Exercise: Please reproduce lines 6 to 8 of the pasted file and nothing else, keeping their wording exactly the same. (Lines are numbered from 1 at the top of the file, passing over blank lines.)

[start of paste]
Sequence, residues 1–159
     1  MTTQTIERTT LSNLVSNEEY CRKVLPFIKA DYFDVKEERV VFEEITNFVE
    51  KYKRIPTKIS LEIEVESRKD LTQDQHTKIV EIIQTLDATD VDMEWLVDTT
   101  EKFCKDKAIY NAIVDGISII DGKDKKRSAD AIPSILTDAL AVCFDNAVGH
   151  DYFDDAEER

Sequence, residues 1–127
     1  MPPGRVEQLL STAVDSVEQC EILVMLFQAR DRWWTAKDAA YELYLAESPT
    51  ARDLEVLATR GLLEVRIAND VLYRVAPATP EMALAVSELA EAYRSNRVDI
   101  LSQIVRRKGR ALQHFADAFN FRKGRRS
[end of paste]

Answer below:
Sequence, residues 1–127
     1  MPPGRVEQLL STAVDSVEQC EILVMLFQAR DRWWTAKDAA YELYLAESPT
    51  ARDLEVLATR GLLEVRIAND VLYRVAPATP EMALAVSELA EAYRSNRVDI